A small fix is to shrink the datatypes in tables. Are you using BIGINT (8 bytes) when MEDIUMINT (3 bytes) would suffice? Etc, etc.

Summary tables are an excellent way to save space and speed up "reports". But perhaps they are not as small as they could be? Let's see SHOW CREATE TABLE.

"growing fast I was thinking into splitting it into XX tables" -- NO, NO, NO! The only exceptions is when "sharding".

How do you populate the Summary Table(s)? Some tips: http://mysql.rjweb.org/doc.php/summarytables I assume your summary tables are updated either in realtime, or nightly? And you update them only incrementally, not by starting over.

You say 1 insert per second? That is a very low rate. Perhaps it is faster than that?

When the data is properly indexed and/or summarized, the size of the table does not matter (for performance). Are you concerned about disk space or speed?


I think the first step to solving your problems is acceptance that you cannot achieve something with nothing. :-)

With that tautology out of the way, it isn't at all obvious what difference it would make if you rearranged tables between different databases. Why do you think this would help?

Same for the table you are looking at splitting into one table per user - why would this help? Are you doing full table scans? Partitioning the table would probably be a cleaner approach, but it is difficult to give specific advice based on the limited information you provided. A common solution to full table scans is summary tables, which you mentioned you are already using.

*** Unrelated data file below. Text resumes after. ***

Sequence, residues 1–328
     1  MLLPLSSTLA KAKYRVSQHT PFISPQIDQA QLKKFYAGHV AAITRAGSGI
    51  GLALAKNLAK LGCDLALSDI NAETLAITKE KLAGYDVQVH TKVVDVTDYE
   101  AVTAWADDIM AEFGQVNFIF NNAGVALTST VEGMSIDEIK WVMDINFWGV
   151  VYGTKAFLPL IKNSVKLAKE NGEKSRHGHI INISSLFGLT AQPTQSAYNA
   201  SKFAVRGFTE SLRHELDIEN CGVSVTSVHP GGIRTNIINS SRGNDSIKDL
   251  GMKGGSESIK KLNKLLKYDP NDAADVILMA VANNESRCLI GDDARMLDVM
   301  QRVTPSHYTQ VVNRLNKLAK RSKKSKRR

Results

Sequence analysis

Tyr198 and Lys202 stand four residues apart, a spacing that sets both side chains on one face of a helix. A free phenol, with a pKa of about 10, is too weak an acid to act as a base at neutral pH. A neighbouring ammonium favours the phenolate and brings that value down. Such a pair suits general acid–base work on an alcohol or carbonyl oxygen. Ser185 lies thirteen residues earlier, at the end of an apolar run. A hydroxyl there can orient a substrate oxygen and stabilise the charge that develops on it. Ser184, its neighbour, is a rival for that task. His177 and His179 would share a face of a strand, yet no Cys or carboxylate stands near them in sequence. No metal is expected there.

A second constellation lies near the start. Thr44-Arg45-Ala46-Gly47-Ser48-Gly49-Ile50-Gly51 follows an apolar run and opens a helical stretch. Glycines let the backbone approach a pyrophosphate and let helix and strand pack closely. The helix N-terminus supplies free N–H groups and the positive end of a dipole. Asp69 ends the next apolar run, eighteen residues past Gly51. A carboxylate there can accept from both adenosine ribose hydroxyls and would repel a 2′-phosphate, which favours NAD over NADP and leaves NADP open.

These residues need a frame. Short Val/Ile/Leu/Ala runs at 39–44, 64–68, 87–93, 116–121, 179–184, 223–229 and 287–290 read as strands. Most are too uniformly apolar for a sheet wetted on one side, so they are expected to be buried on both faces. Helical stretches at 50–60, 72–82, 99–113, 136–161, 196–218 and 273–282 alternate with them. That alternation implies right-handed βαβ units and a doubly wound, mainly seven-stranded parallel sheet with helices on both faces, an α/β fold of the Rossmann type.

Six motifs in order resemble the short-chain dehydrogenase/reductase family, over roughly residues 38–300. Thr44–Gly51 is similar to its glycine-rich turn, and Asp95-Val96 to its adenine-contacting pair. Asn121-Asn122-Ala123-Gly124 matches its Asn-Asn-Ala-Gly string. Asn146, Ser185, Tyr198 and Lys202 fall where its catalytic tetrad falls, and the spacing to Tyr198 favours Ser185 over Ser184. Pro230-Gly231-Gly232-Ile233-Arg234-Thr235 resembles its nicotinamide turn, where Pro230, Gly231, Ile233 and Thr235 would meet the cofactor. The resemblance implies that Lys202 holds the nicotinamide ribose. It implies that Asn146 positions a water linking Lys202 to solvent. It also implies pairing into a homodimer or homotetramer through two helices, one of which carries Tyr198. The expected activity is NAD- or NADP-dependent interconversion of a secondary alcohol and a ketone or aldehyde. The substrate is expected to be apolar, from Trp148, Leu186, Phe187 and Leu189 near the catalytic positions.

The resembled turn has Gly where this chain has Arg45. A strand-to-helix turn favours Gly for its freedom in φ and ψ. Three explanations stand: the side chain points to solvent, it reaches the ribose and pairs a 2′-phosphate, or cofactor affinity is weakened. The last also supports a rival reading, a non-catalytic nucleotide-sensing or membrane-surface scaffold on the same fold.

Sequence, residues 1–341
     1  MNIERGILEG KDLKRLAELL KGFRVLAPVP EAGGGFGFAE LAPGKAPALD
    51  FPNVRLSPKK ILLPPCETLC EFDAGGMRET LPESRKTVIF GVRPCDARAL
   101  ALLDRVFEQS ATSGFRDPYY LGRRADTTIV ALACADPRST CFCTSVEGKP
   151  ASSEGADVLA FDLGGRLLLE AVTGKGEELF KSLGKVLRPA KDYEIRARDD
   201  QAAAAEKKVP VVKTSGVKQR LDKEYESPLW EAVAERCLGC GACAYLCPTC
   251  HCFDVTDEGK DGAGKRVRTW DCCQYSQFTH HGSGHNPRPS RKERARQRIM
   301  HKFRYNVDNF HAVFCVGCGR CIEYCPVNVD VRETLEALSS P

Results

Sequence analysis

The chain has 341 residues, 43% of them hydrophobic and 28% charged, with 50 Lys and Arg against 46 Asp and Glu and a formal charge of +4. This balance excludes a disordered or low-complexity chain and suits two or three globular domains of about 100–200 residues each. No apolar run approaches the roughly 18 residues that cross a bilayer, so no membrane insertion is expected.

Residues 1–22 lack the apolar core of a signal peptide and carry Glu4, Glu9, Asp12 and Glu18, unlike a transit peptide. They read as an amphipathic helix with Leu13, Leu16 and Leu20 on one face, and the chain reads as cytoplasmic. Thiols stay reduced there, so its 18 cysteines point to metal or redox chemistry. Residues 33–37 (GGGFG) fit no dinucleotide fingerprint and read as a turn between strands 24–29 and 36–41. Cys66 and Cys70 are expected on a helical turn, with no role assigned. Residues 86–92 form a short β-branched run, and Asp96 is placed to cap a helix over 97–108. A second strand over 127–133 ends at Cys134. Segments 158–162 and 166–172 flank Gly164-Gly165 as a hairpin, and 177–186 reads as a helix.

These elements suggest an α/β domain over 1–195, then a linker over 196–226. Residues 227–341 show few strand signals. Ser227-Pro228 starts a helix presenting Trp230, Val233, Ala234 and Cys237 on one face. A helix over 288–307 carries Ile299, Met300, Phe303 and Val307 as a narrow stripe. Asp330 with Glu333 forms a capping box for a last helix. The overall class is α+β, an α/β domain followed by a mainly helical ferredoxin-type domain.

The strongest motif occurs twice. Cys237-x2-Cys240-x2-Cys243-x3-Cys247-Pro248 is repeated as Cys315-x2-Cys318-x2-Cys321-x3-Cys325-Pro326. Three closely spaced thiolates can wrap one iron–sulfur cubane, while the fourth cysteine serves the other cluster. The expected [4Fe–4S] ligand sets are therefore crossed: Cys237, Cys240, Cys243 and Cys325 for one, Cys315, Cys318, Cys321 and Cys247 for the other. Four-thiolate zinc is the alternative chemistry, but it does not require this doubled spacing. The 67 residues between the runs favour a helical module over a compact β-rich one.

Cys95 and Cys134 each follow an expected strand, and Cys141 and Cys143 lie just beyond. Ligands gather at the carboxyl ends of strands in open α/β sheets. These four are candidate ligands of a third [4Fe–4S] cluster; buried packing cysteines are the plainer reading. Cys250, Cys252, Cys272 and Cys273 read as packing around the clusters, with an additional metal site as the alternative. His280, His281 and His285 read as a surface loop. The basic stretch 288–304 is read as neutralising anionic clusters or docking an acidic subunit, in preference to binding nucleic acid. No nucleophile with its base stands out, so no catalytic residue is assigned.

• Hi @gordan-bobic :) I am trying to avoid having tables with a) lots of data and b) big in size so that I won't need LOTS of extra server resources to run my queries fast. I want to buy time to focus build my product in other areas and not re-do the entire database at the moment. At some cases I do full table scans, but when that got a bit slow, I created cron jobs to sum data I need and place then at a different table. I will check out Partitioning tables - Verace also mentioned this in the comments above as well. May 9, 2020 at 21:04
  • Last but not least, I was thinking different tables just to keep things organized / it was just an idea. It could be in the same database but I want to be flexible in backups etc. I do not want to end up with a database of 50,100GB which will make my life harder at the moment. You already helped a lot just by asking me those questions. May 9, 2020 at 21:04
  • You mentioned keeping data small - I know I'm stating the obvious, but keeping the data small means keeping less data. That means pruning data that is no longer useful. Partitioning can make that much cheaper - ALTER TABLE ... DROP PARTITION is instantaneous. DELETE, on the other hand, can be very slow. May 9, 2020 at 21:09
  • Yes, I am sorry @gordan-bobic. By saying keep data small I mean: If I have 1 table which has 10M rows VS having a table with 1M rows, wouldn't it be easier for the queries to run faster without having to add extra resources? At the moment all the data I have is useful cannot remove them. Whatever could be removed is already out. I will read more about partitions, because maybe this will help me. I didn't know about partitions. Maybe it is a good solution for me May 9, 2020 at 21:10
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    @VickyDallas when you will read about partitioning just remember that this is not a "performance" feature ) May 10, 2020 at 9:06